This Beautiful Waterfall is the Niagara Falls of the West

Shoshone Falls, Twin Falls, Idaho
Shoshone Falls, Twin Falls, Idaho | Photo Credit: Pixabay - josephhill
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Referred to as Shoshone Falls, this stunning Idaho waterfall is commonly referred to as the “Niagara Falls of the West”. From a popular Native American fishing spot to an iconic western tourist attraction, the falls have evolved over centuries into a bustling city park. Hike the South Rim trail along the winding Snake River Canyon or go for a swim at Dierkes Lake all within the park.

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History

The formation of Shoshone Falls is credited to the outburst flooding of the massive Lake Bonneville. This lake once covered much of present day Utah and parts of southern Idaho. This flooding is estimated to have taken place over 14,000 years ago.

After the formation of the falls, the Snake River became a migration route for salmon, however the fish could not get over the towering falls. Native Americans found that the river close to the base of the falls was a great fishing area to catch large Salmon that had traveled upstream to spawn. The Shoshone people, who the falls are named after, used tree branches and Elk horns to spear the salmon for food.

As European immigrants began passing through or moving to this region they started to share their astonishment by the magnificent falls. Beginning around 1840, the falls were well known amongst settlers. As pioneers moved along the Oregon Trail during their westward migration, many would take the short detour off their route to see the mighty Shoshone Falls. By the 1860s, Shoshone Falls was a tourist attraction many longed to see.

The first recognition of the falls being dubbed the “Niagara Falls of the West” came from a Salt Lake City newspaper in the 1860s. Just a few years later, the Idaho Gold Rush of the 1870s brought about over 3,000 eager prospectors. The gold was said to be located near the canyons in the region, but was difficult to mine1.

Shoshone Falls, Twin Falls, Idaho c. 1874
Shoshone Falls, Twin Falls, Idaho c. 1874 | Photo Credit: Wikimedia – Timothy H. O’Sullivan

In 1876, an ambitious farmer by the name of Charles Walgamott moved to the region with plans to bring about big potential. He saw the falls as a way to bring economic growth and sustainability to the area. Walgamott found that he could section off some of the land parcels surrounding the falls and build a lodge for visitors. By doing this, he secured land through squatter’s rights.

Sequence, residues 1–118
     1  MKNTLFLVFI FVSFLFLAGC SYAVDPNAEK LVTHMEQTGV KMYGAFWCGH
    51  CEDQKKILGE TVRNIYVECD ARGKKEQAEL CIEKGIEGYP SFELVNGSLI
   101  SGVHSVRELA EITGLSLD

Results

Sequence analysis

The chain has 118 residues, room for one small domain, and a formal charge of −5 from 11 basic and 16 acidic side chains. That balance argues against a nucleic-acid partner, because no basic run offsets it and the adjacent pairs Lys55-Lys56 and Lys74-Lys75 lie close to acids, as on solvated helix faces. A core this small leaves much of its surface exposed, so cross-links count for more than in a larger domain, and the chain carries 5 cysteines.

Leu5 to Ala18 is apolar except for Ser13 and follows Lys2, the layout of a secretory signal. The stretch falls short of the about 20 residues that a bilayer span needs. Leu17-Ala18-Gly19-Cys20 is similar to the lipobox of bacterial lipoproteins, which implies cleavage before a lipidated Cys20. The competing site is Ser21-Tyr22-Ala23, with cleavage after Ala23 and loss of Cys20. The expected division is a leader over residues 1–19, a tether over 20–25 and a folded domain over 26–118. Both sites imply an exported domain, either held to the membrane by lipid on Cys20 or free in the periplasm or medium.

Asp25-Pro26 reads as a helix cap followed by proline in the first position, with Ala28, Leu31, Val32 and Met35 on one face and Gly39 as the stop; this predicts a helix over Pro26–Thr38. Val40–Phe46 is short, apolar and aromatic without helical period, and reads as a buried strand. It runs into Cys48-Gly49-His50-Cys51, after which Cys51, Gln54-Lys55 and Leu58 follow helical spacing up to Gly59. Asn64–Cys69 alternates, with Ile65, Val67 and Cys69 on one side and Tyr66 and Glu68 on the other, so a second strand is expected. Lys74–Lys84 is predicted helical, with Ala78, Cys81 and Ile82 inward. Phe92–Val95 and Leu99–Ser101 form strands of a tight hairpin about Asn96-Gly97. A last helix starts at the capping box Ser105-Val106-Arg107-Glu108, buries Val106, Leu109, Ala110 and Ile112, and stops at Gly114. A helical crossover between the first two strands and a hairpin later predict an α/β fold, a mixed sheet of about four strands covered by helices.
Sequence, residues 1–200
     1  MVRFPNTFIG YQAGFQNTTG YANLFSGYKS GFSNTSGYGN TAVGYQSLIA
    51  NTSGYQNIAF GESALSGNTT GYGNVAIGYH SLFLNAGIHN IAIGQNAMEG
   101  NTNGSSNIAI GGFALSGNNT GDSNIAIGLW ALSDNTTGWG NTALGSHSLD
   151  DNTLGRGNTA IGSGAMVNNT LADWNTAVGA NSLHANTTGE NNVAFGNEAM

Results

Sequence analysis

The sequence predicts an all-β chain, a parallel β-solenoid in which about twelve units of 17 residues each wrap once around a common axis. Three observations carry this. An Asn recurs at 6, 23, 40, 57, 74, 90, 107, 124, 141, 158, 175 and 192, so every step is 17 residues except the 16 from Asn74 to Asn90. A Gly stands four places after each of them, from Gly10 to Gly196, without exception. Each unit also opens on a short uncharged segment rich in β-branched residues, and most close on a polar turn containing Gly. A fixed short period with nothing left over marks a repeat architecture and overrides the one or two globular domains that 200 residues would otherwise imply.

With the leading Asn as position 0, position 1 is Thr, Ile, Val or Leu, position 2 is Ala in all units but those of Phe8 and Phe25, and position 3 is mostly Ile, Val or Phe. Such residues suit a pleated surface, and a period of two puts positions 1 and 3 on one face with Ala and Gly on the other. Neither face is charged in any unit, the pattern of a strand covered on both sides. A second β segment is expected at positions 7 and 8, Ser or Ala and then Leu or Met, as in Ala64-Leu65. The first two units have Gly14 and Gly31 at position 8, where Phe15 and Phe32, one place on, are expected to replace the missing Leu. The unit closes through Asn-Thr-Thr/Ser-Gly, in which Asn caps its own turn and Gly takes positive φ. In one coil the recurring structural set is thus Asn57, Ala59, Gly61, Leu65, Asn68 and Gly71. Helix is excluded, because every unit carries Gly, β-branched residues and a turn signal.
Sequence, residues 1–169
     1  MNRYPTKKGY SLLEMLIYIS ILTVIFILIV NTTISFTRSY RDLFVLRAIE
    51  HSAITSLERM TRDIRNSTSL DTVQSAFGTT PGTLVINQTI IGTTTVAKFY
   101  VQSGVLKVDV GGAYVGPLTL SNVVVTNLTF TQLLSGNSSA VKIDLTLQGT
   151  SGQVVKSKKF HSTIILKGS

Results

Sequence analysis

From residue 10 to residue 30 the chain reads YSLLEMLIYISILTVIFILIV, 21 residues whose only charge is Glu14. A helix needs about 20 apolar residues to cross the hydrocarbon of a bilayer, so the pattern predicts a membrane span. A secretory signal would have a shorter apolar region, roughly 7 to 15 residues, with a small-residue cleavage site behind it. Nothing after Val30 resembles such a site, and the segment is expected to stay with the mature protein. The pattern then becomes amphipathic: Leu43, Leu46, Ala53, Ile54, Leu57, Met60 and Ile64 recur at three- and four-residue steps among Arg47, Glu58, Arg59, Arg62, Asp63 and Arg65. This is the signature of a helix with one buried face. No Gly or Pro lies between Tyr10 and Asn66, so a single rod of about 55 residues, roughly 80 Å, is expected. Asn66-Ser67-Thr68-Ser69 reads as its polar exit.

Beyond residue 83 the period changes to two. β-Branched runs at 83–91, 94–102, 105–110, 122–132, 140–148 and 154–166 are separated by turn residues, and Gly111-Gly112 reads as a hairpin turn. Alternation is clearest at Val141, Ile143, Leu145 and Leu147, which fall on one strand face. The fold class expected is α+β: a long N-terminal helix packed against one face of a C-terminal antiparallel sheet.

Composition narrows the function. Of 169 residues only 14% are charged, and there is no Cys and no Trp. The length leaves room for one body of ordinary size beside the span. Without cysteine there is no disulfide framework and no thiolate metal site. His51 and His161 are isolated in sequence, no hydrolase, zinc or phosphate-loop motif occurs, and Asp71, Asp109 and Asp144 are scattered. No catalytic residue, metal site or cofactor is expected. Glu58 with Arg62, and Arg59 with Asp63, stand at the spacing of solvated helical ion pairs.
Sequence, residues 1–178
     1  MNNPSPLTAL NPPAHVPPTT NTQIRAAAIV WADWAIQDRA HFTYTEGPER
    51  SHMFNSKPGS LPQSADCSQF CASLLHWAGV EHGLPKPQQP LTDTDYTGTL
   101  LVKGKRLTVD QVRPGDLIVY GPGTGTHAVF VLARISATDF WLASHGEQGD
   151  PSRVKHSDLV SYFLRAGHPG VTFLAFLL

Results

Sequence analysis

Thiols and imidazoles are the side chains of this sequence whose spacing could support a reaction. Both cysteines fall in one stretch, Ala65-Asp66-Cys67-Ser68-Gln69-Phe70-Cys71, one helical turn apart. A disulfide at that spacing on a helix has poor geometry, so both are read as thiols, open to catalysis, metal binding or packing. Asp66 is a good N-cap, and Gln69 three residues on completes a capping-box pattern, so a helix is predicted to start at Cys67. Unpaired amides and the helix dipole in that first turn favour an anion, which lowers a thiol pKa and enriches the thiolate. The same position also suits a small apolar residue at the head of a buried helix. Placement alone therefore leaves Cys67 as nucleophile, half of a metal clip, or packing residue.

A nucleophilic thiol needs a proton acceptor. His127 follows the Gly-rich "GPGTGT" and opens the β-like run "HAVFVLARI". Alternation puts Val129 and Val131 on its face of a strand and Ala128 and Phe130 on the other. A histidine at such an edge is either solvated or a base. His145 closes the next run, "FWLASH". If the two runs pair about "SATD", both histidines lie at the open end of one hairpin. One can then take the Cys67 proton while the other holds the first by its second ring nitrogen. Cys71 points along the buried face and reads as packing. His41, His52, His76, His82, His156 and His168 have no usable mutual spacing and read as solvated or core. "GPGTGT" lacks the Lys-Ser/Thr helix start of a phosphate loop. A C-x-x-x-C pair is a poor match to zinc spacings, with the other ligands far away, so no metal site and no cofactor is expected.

Walgamott’s time and goals paid off when the Oregon Short Line Railroad purchased his land around the falls in 1883. They planned to build an elaborate hotel on the site, to replace his lodge. While Walgamott sold off a portion of his land, he did not give up on his plans to develop what would become the Twin Falls area. In fact, he opened a cable ferry that crossed just above the falls to transport people across the river on a scenic, but dangerous adventure. In the early 1900s, on two separate occurrences, the cable snapped resulting in some people dying from injuries. By the 1920s, a suspension bridge was erected to allow for safer crossing of the river.

Despite locals attempts to get the falls made into a National Park, the falls would be changed forever by the divergence of water to provide irrigation to settlers and homesteaders. In 1905, the Milner Dam was complete and for the first time the Shoshone Falls went dry. The diverted water was used to bring irrigation to the desert terrain that would go on to become fertile farm land. The quick change of this land to usable agricultural landscape led to this region of Idaho becoming referred to as “Magic Valley”. In 1907, the Shoshone Falls Dam was completed just above the falls.